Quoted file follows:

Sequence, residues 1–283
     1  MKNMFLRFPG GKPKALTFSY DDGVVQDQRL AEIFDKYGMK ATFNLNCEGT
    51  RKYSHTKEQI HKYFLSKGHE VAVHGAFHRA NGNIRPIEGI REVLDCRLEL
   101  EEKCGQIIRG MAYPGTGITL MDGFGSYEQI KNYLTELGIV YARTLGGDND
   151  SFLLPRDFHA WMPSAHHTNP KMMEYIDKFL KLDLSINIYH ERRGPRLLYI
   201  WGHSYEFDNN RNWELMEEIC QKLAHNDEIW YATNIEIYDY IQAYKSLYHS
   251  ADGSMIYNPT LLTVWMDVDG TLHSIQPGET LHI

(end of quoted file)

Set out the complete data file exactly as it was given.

Sequence, residues 1–283
     1  MKNMFLRFPG GKPKALTFSY DDGVVQDQRL AEIFDKYGMK ATFNLNCEGT
    51  RKYSHTKEQI HKYFLSKGHE VAVHGAFHRA NGNIRPIEGI REVLDCRLEL
   101  EEKCGQIIRG MAYPGTGITL MDGFGSYEQI KNYLTELGIV YARTLGGDND
   151  SFLLPRDFHA WMPSAHHTNP KMMEYIDKFL KLDLSINIYH ERRGPRLLYI
   201  WGHSYEFDNN RNWELMEEIC QKLAHNDEIW YATNIEIYDY IQAYKSLYHS
   251  ADGSMIYNPT LLTVWMDVDG TLHSIQPGET LHI